I just registered, logged in and tried out SAML 2.0 SSO with the sample service provider site (based on Sampo Kellomäki of Symlabs' ZXID) and it all works nicely. At last there is an easy to use, public site to play with SAML 2.0.

As soon as I get a chance I'm going to add SSOCircle as the default IdP in Lightbulb and write a how-to for getting your first service provider up and running.

Thanks, Hu, and best of luck!

Monday Jan 08, 2007

Audi UK using OpenSSO to service 250,000 users

Dave 'Wavy' Holroyd of Good Technology reports on his production deployment of OpenSSO in the UK today on With his kind permission. I'll just quote Dave here, lightly edited to turn his footnotes into hyperlinks:

Ok, so, in mid 2006 we rebuilt the Audi UK site to integrate with the Audi Global Content Management solution, and upgrade the previous, pre-J2EE technology platform. One of several features from the old site not included in the first delivery was the ability to log in to access special content and tools.

Having moved from a single-application model to a raft of independent webapps, that login functionality now requires a single sign-on solution. Also, given historical needs for integration with third-party systems and components, we wanted something based on well-thought-out Web Services, and a potential upgrade path to implement Federation.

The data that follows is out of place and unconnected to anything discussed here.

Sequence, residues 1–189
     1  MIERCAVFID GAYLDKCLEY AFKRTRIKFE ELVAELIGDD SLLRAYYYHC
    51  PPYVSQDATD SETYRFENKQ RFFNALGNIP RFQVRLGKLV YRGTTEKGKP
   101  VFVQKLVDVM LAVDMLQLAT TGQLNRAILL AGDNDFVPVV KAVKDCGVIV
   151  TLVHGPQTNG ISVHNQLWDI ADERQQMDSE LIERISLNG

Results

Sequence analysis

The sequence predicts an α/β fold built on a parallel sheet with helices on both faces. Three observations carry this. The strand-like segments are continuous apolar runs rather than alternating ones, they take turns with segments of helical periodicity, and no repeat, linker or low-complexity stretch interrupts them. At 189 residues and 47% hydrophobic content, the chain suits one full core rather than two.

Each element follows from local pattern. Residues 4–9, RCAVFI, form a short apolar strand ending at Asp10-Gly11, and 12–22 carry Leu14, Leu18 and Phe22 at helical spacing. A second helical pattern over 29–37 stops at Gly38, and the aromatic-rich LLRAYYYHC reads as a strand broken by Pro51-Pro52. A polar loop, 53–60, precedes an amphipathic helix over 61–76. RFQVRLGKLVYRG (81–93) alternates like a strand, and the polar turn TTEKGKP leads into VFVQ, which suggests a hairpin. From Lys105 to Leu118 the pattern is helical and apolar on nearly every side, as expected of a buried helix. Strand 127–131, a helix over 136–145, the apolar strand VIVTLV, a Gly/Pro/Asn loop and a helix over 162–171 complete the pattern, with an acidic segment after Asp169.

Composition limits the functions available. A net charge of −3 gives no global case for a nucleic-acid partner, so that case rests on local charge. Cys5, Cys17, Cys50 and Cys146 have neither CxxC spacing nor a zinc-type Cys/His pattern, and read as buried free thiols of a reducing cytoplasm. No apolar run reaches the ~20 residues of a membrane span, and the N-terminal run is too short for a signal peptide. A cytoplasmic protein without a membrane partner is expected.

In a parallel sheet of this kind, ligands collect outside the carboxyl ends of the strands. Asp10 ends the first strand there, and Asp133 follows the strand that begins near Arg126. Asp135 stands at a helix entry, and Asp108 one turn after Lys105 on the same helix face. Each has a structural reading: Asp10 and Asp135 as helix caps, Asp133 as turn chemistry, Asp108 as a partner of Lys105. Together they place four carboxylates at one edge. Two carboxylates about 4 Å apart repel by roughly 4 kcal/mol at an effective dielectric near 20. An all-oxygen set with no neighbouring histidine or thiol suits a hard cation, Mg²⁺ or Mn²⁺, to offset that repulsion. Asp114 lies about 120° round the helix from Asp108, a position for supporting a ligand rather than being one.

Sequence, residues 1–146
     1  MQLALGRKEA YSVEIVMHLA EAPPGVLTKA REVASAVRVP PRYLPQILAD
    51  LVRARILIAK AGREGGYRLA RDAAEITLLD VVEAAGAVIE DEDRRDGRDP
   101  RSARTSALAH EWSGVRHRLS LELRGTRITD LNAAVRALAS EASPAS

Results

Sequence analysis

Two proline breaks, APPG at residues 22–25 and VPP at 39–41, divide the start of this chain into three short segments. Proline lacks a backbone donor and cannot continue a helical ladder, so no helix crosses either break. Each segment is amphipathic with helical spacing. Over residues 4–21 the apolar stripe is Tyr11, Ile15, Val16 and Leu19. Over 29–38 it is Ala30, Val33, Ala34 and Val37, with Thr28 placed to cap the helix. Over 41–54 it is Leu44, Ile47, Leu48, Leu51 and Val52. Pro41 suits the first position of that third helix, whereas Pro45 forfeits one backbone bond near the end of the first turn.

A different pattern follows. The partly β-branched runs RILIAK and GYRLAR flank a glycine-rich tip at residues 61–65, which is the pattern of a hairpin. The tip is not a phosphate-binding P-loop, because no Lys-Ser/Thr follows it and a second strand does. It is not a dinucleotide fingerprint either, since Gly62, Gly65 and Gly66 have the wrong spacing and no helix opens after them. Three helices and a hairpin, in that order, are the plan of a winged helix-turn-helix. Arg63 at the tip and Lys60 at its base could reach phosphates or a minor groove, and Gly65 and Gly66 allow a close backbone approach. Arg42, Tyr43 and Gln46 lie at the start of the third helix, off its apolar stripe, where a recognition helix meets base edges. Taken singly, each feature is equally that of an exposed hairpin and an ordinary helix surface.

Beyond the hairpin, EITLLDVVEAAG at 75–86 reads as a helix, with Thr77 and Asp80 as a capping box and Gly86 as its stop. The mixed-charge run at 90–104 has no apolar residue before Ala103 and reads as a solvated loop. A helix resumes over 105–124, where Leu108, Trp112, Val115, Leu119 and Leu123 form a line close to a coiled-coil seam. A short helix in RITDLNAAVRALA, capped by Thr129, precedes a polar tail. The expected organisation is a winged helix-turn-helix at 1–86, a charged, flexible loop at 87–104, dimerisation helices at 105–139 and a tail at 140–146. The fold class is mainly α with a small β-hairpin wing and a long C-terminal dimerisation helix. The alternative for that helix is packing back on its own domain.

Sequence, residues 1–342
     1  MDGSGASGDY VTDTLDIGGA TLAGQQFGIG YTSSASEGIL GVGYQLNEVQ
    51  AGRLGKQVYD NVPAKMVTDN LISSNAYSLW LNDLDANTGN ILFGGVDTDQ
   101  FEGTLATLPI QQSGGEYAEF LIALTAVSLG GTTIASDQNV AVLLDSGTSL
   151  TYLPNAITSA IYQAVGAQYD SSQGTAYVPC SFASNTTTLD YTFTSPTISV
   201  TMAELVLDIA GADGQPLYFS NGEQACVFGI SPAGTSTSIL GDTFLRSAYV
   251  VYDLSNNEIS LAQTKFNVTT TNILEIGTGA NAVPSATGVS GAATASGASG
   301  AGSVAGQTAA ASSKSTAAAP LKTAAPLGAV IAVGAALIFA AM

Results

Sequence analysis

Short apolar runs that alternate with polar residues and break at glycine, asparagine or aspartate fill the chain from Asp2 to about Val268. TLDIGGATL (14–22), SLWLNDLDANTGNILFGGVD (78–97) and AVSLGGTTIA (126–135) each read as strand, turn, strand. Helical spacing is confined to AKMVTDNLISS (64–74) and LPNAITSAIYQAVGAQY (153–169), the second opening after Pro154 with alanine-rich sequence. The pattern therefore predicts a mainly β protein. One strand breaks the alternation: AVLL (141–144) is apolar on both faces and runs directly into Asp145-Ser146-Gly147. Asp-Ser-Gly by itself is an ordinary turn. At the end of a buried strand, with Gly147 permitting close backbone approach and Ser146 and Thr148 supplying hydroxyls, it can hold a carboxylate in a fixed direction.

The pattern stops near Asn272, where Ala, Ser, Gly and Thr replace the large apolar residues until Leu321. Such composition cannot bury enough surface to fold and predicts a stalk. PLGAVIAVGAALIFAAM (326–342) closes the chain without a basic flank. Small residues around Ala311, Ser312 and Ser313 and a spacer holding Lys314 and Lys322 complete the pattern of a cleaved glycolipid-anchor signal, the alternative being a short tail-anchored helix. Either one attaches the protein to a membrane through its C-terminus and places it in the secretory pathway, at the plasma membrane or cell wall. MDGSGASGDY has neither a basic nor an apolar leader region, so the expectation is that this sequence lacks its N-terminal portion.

Just before Christmas 2006, we deployed an OpenSSO system adapted with custom Authentication and Data Store plugins. These make use of the site's existing relational database containing the profiles of around a quarter of a million registered users.

We integrated login and registration functions directly into our application rather than using the generic OpenSSO user interface. This enables access to functions like 'ordering a postal brochure' by both authenticated and unauthenticated users, with the option for unauthenticated users to register toward the end of the process.

This is a great example of the kind of deployment that OpenSSO makes possible - Dave leveraged his visibility into the source code to create a solution customized to his needs, flagging some bugs in the process. Good, good, good, good, good... Good Technology!